The Good, the Bad, and Missed Opportunities: a Fundraising Case Study

Lori Halley 25 August 2009 1 comments

We know that it's key for non-profits to connect online activities with real-world actions, but the reverse is also true, as a door-to-door fundraising campaign reminded me last week. People need to be able to take action for your cause in a way that is comfortable and convenient for them. Limit their choices — lock your prospects in to a yes-or-no proposition — and you may miss out, not only on a one-time donation but on the chance to build an enduring donor relationship.

Here's the story:

Two young men appeared in a residential neighbourhood I was visiting recently, ringing doorbells for donations to a relatively well-known children’s charity. Door-to-door fundraising is much less common than it used to be, even just a few years ago — it’s increasingly difficult to catch busy families at home in daytime hours, volunteers are harder to recruit, and fewer non-profit budgets can stretch to hiring a team of canvassers — so I watched closely for amost 45 minutes as the canvassers worked the long city block.

This campaign got a lot right in terms of professionalism, efficiency, and building credibility and trust. For example:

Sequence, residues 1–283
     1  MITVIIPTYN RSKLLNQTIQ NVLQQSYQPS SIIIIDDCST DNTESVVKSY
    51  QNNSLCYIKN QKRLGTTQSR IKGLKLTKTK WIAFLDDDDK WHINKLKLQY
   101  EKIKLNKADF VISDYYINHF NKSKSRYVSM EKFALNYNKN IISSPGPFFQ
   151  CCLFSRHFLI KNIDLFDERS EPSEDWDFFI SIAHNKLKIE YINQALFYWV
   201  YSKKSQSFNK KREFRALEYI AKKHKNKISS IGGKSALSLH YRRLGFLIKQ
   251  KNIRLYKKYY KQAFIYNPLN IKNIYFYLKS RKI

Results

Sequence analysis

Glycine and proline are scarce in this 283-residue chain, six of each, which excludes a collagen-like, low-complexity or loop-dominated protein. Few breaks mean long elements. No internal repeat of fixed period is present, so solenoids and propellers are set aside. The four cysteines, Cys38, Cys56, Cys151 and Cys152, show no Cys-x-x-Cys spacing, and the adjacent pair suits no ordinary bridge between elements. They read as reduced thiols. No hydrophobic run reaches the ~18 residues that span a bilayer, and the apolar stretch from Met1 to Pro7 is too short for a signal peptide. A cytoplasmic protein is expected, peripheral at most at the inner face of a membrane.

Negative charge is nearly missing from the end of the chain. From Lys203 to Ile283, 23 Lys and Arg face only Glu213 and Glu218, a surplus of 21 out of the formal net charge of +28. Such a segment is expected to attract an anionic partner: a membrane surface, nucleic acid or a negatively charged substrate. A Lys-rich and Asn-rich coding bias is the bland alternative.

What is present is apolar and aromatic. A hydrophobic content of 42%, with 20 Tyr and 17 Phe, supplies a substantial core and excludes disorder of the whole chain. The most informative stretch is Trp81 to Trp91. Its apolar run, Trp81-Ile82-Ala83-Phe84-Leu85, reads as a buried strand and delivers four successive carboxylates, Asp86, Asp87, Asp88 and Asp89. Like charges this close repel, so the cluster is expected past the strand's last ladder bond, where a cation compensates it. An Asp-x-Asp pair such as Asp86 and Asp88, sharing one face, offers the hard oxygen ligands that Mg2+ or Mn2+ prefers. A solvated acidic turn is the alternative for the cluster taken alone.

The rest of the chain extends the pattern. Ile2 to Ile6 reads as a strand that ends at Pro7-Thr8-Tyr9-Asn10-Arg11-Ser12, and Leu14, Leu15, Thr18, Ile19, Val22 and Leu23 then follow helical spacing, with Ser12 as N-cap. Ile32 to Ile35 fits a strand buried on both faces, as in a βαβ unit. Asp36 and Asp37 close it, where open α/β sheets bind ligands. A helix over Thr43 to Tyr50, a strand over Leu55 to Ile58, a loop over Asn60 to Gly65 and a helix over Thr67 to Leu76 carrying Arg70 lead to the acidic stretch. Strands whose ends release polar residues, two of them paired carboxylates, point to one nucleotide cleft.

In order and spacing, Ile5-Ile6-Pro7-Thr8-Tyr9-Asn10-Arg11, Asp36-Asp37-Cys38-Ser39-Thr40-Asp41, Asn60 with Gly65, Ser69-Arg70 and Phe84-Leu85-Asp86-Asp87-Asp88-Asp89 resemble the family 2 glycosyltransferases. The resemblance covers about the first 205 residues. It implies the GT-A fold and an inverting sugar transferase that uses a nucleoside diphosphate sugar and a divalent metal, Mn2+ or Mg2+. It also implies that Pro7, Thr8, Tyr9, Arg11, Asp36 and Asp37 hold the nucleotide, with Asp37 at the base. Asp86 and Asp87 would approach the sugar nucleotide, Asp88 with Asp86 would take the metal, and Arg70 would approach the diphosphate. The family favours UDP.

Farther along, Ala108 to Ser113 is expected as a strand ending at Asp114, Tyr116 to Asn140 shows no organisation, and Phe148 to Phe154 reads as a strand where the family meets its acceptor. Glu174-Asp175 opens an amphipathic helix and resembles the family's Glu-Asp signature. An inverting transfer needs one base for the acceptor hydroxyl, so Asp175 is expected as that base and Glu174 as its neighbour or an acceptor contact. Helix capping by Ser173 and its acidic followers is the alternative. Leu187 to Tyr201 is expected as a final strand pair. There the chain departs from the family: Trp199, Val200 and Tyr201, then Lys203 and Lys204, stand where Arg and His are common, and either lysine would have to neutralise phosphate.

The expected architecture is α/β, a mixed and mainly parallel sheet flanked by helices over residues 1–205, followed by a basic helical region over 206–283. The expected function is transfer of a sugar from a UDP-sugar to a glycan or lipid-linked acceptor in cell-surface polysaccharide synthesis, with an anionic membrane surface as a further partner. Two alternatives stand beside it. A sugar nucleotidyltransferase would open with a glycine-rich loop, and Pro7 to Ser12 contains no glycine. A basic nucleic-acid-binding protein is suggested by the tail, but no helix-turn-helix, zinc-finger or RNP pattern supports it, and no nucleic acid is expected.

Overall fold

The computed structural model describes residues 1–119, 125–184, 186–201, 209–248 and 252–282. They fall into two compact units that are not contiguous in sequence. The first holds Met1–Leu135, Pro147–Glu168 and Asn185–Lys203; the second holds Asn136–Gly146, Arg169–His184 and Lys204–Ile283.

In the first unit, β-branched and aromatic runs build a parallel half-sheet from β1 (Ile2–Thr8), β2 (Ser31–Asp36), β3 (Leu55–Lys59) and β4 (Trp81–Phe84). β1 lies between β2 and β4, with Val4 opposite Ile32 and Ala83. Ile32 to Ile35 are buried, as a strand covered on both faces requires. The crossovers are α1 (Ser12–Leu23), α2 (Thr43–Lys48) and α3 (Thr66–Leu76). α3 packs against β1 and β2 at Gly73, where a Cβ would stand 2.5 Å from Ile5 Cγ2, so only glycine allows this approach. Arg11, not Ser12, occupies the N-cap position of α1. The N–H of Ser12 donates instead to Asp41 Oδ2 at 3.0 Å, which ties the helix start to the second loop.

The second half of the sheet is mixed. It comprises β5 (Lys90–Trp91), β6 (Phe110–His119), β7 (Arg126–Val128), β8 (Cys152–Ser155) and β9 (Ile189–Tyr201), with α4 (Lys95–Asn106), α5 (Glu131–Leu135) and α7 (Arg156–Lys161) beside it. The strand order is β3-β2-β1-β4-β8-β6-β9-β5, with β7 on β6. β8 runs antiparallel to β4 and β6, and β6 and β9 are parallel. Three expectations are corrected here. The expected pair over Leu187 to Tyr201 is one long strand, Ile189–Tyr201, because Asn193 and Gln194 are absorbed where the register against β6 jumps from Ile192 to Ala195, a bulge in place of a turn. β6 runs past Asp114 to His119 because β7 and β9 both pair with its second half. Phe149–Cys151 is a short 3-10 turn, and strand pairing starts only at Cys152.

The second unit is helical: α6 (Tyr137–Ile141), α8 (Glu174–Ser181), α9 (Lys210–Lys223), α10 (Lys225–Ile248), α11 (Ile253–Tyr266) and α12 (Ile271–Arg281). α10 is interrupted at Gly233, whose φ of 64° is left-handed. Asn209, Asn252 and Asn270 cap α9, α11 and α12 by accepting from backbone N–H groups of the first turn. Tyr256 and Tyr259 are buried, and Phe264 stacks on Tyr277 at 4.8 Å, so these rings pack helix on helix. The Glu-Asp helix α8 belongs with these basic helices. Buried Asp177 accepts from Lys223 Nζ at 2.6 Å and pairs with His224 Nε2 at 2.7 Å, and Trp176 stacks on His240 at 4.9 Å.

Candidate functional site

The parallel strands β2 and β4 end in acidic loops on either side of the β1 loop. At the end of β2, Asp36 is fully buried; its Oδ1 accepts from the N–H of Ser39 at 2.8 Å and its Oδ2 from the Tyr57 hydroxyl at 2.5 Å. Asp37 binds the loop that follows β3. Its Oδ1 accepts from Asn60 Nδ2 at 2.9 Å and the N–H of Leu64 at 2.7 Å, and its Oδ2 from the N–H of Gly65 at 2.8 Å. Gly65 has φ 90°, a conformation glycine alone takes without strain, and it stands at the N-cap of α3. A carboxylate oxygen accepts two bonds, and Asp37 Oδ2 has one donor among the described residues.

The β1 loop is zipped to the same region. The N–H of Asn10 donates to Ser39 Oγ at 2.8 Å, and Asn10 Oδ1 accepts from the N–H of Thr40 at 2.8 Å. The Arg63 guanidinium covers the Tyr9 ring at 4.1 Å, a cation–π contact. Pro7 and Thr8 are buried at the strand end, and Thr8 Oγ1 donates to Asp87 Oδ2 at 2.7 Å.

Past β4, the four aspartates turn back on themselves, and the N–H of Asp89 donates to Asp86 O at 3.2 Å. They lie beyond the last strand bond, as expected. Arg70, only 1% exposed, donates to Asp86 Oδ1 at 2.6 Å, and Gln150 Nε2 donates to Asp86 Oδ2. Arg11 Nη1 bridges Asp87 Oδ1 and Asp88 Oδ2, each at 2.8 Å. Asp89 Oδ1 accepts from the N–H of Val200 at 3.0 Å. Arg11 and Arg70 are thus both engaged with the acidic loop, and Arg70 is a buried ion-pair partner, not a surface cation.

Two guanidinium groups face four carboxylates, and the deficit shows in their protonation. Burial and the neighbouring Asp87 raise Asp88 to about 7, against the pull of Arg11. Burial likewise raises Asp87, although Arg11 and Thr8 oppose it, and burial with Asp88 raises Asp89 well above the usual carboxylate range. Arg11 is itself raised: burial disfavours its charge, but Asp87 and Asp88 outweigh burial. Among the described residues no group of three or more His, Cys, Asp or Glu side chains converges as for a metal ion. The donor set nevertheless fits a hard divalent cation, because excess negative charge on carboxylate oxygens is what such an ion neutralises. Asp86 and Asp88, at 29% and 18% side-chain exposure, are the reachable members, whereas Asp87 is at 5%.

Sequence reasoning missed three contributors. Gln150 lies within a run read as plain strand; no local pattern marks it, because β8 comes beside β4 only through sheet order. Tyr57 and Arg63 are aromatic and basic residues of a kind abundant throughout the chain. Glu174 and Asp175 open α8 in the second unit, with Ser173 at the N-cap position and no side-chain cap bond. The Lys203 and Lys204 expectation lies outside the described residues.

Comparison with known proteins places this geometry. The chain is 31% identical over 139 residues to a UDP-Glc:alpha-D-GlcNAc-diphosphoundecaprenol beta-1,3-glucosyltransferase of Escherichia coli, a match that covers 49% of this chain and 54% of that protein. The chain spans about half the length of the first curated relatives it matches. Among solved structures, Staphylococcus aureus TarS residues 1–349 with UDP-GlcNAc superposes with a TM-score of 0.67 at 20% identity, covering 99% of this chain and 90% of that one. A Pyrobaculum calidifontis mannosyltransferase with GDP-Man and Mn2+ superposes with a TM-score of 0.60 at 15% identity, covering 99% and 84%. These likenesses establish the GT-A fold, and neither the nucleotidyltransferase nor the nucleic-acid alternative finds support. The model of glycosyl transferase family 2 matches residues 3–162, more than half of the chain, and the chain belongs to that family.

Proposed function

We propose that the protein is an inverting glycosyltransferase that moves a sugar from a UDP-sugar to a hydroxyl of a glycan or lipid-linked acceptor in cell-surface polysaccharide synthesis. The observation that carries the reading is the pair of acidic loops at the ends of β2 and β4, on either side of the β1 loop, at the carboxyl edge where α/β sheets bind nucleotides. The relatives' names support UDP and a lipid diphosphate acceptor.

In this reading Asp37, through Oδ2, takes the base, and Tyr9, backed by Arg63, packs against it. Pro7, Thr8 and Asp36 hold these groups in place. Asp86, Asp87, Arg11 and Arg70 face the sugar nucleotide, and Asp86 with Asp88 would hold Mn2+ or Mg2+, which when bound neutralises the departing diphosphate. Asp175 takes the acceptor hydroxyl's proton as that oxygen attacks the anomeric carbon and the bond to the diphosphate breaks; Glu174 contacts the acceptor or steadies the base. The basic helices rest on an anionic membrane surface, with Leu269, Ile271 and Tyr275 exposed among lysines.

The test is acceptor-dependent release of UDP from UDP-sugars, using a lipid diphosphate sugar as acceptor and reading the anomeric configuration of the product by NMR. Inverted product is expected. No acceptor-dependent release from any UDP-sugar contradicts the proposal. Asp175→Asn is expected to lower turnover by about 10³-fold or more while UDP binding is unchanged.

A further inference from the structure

Good: The canvassers were neatly dressed in white shirts and dark pants, very presentable in appearance, and polite in their manners.  It was clear that an effort had been made to match the cultural background and ethnicity of the neighborhood with the young men who were assigned to work it, and they had an efficient pattern worked out for covering the territory without missing a house or duplicating efforts.
Good: Each wore an official-looking laminated badge that was printed with the name of the charity, its logo, the name of the canvasser, and a statement that (for security reasons) cash donations were not accepted.
Good: Each canvasser had a clipboard to hold a printed form for recording donors’ names and addresses, a booklet of donation receipts pre-printed with the charity’s name and logo, and a brochure about the charity. They even had a couple of spare pens, just in case one ran out of ink.
Unfortunately, it missed the mark on some truly vital points: